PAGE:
Jeanne d’Arc took a vow of celibacy at the age of 13, a decision which reveals not only her religious nature, but also her knowledge of sex. Although it was a taboo subject in the Middle Ages, somebody – presumably her mother – passed on such information. This illustrates a mother-daughter link common at the time, as well as a need for such knowledge at a young age.

Rules and customs with regard to marriage are often studied by scholars interested in the role of women throughout history. Although Jeanne d’Arc never married, circumstances arising from the vow of celibacy she took reveal some information on the matter.

At the age of 16 the Maid of Orleans was courted and proposed to by a boy from her town. Citing her celibacy as a defence, she turned down his offer, but faced the retribution of her father for doing so. As we have seen, Jeanne had a tremendous respect for the opinions of her parents, so the decision not to marry could not have been taken lightly. But what does this reveal about marriage in the Middle Ages?

Firstly, it shows that the marriage of a girl was a family affair. According to Christine de Pizan, a female, medieval author, there is a danger in ‘entering into any new marriage without the approval and advice of family and friends [9].’ Also, the necessity of the bride’s family to pay a dowry to her husband meant that the family were given significant sway in choosing the successful suitor [10].

Secondly, it shows that chastity and religion are among the only reasons a woman could remain single. As Stuard notes in Women in Medieval Society:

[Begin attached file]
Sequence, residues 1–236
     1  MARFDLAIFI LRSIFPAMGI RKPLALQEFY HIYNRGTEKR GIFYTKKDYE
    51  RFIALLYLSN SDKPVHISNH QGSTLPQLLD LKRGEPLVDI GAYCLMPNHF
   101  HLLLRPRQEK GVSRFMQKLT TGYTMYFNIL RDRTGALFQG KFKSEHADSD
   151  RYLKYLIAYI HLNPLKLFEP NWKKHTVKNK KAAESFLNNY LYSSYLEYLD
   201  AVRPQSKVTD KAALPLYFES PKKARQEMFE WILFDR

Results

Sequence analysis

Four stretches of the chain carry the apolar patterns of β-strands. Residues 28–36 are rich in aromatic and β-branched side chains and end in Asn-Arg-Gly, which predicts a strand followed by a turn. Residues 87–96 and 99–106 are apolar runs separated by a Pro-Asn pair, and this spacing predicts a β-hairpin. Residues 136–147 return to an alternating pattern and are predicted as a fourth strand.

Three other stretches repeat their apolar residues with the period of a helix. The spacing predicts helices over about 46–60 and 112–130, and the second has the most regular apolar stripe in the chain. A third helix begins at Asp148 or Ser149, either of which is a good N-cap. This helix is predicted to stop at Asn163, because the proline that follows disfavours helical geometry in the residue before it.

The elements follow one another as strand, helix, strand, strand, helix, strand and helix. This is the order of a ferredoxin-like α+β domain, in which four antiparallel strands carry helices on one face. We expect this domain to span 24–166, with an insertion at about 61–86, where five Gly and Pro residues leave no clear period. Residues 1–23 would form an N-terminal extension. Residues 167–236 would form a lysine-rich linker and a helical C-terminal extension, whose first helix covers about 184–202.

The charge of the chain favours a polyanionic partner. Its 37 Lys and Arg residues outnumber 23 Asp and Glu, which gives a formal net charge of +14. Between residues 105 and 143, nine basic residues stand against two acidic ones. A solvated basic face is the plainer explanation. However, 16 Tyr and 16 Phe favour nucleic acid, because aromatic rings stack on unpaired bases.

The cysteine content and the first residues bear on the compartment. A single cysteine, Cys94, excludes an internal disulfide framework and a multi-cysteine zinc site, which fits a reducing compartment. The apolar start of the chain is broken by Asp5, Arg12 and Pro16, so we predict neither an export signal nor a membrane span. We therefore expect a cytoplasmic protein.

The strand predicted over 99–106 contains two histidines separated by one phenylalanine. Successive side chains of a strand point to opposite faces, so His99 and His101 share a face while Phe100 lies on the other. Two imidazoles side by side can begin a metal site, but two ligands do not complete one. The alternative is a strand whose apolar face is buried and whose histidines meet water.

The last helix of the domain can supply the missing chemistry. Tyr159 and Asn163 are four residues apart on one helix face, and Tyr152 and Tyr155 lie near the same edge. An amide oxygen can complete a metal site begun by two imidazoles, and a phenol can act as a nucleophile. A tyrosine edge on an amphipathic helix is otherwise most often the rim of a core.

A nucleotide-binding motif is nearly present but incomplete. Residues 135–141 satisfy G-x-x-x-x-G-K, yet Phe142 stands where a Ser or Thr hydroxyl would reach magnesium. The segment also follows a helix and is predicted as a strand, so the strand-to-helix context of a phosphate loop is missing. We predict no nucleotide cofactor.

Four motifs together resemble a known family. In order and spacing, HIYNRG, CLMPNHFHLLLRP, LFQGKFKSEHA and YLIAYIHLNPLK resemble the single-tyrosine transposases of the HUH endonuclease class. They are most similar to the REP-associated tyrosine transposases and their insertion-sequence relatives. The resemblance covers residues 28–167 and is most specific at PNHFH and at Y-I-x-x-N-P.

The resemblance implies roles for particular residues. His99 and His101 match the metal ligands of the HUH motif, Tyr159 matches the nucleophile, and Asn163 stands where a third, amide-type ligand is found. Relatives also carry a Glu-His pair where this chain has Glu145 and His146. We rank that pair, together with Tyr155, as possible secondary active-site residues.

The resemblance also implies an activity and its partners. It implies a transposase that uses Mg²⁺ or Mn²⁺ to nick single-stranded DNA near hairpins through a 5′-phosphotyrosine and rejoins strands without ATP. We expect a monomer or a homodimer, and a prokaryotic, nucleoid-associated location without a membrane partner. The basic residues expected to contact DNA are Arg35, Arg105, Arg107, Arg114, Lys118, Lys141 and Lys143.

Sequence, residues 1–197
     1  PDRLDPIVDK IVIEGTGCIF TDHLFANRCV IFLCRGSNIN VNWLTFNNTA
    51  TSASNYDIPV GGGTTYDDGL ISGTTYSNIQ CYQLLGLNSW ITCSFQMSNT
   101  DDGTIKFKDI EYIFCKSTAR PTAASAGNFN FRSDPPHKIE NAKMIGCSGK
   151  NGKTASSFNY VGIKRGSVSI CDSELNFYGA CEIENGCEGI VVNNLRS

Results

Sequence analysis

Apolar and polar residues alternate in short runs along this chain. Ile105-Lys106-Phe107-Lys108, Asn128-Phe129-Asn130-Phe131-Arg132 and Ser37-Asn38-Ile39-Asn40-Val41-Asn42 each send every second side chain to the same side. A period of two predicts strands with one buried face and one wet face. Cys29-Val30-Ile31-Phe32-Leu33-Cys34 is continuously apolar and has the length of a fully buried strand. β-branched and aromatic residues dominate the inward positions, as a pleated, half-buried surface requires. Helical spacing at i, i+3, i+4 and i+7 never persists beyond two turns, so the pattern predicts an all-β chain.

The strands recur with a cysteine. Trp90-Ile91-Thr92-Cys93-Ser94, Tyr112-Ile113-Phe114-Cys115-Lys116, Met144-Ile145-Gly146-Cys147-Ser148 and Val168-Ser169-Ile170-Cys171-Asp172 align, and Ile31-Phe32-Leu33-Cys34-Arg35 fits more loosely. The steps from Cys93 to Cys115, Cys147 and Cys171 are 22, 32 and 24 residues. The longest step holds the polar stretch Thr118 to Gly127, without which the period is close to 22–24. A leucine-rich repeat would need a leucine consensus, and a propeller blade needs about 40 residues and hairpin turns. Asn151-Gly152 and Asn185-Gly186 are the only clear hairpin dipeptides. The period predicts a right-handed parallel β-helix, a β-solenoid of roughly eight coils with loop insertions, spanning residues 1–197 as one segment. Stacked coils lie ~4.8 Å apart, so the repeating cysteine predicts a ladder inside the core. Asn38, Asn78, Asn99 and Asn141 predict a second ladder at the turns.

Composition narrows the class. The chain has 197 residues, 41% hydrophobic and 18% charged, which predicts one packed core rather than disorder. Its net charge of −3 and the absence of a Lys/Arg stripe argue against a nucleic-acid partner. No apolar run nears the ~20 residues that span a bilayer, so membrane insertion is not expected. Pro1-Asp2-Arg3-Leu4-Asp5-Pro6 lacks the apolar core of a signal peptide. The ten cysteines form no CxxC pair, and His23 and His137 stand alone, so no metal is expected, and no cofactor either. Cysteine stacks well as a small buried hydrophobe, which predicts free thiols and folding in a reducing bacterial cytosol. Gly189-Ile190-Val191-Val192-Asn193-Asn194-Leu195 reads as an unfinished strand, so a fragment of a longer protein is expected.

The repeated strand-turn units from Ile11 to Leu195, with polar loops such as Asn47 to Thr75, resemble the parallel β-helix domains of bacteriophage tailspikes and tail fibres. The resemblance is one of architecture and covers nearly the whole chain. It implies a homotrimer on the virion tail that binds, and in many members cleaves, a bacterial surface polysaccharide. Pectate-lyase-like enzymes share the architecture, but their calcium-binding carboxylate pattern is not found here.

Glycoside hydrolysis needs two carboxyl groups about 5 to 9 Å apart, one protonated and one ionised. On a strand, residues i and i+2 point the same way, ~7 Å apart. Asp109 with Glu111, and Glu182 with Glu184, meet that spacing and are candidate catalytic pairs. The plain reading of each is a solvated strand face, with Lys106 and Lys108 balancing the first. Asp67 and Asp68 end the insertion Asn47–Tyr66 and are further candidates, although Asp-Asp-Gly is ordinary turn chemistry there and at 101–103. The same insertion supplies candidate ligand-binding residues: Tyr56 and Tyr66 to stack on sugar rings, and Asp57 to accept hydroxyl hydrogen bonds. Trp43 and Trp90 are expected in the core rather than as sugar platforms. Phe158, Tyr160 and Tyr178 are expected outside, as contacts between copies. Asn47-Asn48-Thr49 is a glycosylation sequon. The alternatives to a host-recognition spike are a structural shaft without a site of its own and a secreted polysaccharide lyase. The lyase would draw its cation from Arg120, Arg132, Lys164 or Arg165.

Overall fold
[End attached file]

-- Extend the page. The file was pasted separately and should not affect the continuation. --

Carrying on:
Women who did not marry were considered appropriately situated only when they were cloistered, an enormous burden on the spiritual nature of the conventual orders and houses which existed.

Although Jeanne did not join the monastic life, the fact that she carried out a spiritual mission would suffice.

Exploring the Myth

Contrary to Anouilh’s opinion, the attempt by historians to explain mysteries is neither naive nor foolish. It does not, as he claims, ‘yield nothing, in the long run’. As we have seen, analysing and interpreting the events of the past can be revealing and rewarding.

In the case of Jeanne d’Arc, her life offers the chance to catch a glimpse of the role of women at the time. What she did, or, in the case of marriage, what she did not do, can reveal the customs and attitudes of medieval society. Women were not, as is often assumed, restricted to the household sphere. Quite often women joined the military and, like the Maid, fought bravely. Even their domestic duties were used to gain access to public life, be it through employment or artisans’ guilds.

Even if Anouilh is right, and we will never succeed in unraveling the mysteries of history, then perhaps interpretation of Jeanne d’Arc’s story can tell us something about the modern mind. How is it that a woman who died over five hundred years ago can still interest us?

Whether nationalism, religion or entertainment play equal roles in her memory is a question that will probably go unanswered, but one thing is known for certain. Jeanne d’Arc was a remarkable woman whose story will remain etched in the folk mythology of Western civilisation for many years to come.

  1. Thurston, H Joan of Arc, St.
  2. Evans, D Joan of Arc.
  3. Fraioli, D The Literary Image of Joan of Arc: Prior Influences.
  4. Uhler, S ‘Holiday: In Other Countries’, World Book Encyclopedia vol 9.
  5. Hoyt, R ‘Hundred Years’ War’, World Book Encyclopedia vol 9.
  6. Myths and Distortions about Joan of Arc (Jehanne Darc).
  7. Verdier, P ‘Woman in the Marginalia of Gothic Manuscripts’ in Morewedge, R The Role of Women in the Middle Ages.
  8. Dillard, H ‘Women in Reconquest Castle’ in Stuard, S Women in Medieval Society.
  9. Willard, C ‘A Fifteenth Century View of Women’s Role’ in Morewedge, R The Role of Women in the Middle Ages.
  10. Herlihy, D ‘Life Expectancies for Women’ in Morewedge, R The Role of Women in the Middle Ages.
Article from www.bbc.co.uk. Created by h2g2’s Researchers. 25 February 2003